Farming News - Asda under fire after it retracts British beef promise made last October

Asda under fire after it retracts British beef promise made last October

07 Jan 2022
Frontdesk / Livestock

Asda has backed out of a commitment it made in October to stock exclusively British beef, angering farmers who say Asda’s decision is “incredibly disappointing” given the recent rise in fertiliser costs.

The supermarket had called on major supermarkets to "fully commit to championing British produce by properly supporting our homegrown producers" and to paying farmers a fair price that reflects the true cost of beef production to the highest welfare standards. 

The supermarket chain has blamed rising prices in the UK for taking the decision to stock cheaper produce from the ROI to “deliver the best value for customers”.

The decision is embarassing for George Eustice, the environment secretary, as he had called on farmers to stand up to retailers “to ensure that the money they are paid reflects the costs of their production”. Eustice had also claimed that despite rising farm gate prices this did not mean it would have to translate to higher prices in the shops.

Other supermarkets including Lidl, Aldi, Morrisons and the Co-op still have commitments to source 100% British beef.
 
Industry Anger

Hannah Anderson,Managing Director of ethical online food retailer 44 Foods calls the decision "another sudden blow to those already struggling across the farming industry." 

“We know from working with our own producers that over recent years, British farmers have faced many challenges with prices being well below the cost of production, resulting in a declining British beef herd. Recent increases in prices for livestock, rising feed prices, labour and fuel have added even more pressure. 

“We’ve been open and honest with our own customers, contacting them back in April to explain the reasoning behind price increases for our beef products. That's why it’s so disappointing to see this latest announcement from ASDA in what is another sudden blow to those already struggling across the farming industry.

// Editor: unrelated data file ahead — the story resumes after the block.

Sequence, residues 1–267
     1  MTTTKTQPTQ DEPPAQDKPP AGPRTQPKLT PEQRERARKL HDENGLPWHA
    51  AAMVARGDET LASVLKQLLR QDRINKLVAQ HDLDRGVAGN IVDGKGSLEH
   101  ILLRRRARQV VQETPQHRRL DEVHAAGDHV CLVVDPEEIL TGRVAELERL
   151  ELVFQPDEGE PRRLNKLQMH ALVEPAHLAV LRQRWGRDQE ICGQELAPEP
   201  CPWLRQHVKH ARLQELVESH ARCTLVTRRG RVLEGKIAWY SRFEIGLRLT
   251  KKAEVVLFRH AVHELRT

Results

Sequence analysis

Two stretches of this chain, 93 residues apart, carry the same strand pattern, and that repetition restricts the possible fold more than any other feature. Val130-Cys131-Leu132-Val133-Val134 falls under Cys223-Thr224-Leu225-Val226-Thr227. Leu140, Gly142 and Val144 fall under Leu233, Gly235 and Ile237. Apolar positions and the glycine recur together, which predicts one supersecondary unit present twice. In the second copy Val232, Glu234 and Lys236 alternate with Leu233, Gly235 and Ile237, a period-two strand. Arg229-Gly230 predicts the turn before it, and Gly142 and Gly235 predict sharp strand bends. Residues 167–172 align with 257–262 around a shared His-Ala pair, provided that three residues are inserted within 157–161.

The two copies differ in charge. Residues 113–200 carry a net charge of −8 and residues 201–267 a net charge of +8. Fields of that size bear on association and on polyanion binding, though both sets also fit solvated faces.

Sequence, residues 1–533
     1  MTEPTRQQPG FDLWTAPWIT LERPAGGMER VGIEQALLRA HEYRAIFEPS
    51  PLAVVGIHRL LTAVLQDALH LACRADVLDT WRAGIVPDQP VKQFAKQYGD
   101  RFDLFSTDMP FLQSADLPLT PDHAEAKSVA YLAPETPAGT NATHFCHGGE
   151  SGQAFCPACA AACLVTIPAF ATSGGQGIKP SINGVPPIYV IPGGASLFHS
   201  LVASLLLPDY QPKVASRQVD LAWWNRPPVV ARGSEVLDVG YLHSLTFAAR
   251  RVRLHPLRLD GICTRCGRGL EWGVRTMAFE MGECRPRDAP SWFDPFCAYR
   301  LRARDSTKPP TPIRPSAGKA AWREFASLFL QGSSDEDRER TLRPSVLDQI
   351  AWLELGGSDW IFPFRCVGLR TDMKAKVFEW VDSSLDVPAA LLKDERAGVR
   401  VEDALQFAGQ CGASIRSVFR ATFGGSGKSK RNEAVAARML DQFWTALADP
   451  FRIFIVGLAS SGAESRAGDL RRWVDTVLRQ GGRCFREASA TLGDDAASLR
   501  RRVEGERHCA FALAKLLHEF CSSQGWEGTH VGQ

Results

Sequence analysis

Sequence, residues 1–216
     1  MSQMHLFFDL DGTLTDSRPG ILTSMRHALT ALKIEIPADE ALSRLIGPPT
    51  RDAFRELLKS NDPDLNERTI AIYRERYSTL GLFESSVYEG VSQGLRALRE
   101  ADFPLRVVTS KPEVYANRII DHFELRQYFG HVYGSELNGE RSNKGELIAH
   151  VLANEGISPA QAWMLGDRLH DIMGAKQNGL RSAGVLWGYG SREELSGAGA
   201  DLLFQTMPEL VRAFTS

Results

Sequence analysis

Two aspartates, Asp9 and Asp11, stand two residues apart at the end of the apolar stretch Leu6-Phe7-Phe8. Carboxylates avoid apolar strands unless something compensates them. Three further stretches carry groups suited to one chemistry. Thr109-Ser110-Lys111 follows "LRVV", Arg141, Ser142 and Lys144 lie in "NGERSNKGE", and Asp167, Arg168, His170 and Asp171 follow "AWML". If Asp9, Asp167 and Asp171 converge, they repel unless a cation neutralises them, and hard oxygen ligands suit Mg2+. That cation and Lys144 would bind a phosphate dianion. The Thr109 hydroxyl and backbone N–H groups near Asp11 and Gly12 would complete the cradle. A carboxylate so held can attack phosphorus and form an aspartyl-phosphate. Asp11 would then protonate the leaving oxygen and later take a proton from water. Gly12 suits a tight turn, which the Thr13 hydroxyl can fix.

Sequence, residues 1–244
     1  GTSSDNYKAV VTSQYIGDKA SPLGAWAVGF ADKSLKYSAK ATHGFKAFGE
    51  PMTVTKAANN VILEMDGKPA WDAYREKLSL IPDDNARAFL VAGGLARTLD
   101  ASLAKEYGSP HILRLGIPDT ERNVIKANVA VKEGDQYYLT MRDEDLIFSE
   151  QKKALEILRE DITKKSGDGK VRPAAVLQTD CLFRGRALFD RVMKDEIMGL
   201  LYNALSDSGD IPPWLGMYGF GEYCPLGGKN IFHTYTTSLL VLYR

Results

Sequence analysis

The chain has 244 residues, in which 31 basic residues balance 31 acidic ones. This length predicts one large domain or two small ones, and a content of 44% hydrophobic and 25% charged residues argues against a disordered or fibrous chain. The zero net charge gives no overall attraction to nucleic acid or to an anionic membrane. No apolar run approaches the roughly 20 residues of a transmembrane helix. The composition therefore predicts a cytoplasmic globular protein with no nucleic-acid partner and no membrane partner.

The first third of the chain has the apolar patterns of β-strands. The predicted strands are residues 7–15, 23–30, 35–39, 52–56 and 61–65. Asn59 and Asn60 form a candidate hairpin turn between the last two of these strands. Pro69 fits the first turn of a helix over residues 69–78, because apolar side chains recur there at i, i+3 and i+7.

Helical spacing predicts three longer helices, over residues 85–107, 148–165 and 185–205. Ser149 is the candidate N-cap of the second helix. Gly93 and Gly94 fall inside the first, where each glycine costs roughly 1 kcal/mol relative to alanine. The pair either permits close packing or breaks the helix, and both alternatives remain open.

“Inflation and deflation of beed prices are determined by many independent variables including consumer demand, supply of livestock and imports. By supporting our British farmers you enable them to re-invest in their businesses, ensuring their viability, allowing them to raise their stock to the highest welfare standards and it means that they can continue to offer customers the best quality British beef. 

“We’ve seen through our own business that customers are willing to pay that little bit more for the peace of mind that their meat hasn’t been imported from far and wide and want to support British producers. We know that the demand is there and it's time for bigger supermarkets to fully commit to championing British produce by properly supporting our homegrown producers."

The National Beef Association (NBA) chief executive Neil Shand said he was "deeply disappointed" by Asda's choice.

He said "Farmers are struggling with feed, fertilizer and energy costs escalating at rates "never seen before

"Our supermarkets need to support domestic producers as much as possible - now more than ever." 

Asda said their policy had changed because of the rise in British beef prices.

"Whilst we continue to work hard to keep prices as low as possible for our customers, these increases are significant", a spokesperson said.

All fresh beef in Asda's premium Extra Special tier will remain 100% British and all of their fresh beef will be sourced from farms in the UK and Republic of Ireland.

In response to Asda's shift, Deborah Deymond, a beef farmer who has a herd of 80 cattle in Rattery, told the BBC: "Farmers believe in long term commitments and so should supermarkets".

"I was so pleased to hear they had made the pledge in October but think it's disgraceful they're not supporting British farmers more".

"You cannot have a good product for next to nothing prices and supermarkets should value domestic farmers properly," she added.

National Farmers Union (NFU) livestock board chairman Richard Findlay, was also disappointed and said that, given the "significant" changes to trade and agricultural policy, it was "more important than ever" for retailers to "champion" British farmers.

Mr Findley said that any sourcing commitments made by supermarkets need to be honoured.

“We praised them for supporting UK agriculture. To be clear, others were already doing it, they were not leading the way but they are one of the larger retailers so it was welcomed," he said.

“It is a bit of a cop out. Others are sticking to their commitments. They have chickened out really.”

"Our beef is renowned for its quality and high production standards, and retail support plays a big part in enabling farmers to make further investments in climate and environmentally-friendly food production," he added.

NFU President Minette Batters said on twitter: "This government has a role to play in ending the worsening retail price war. We need a radicle rethink on what our trading environment should look like outside the EU."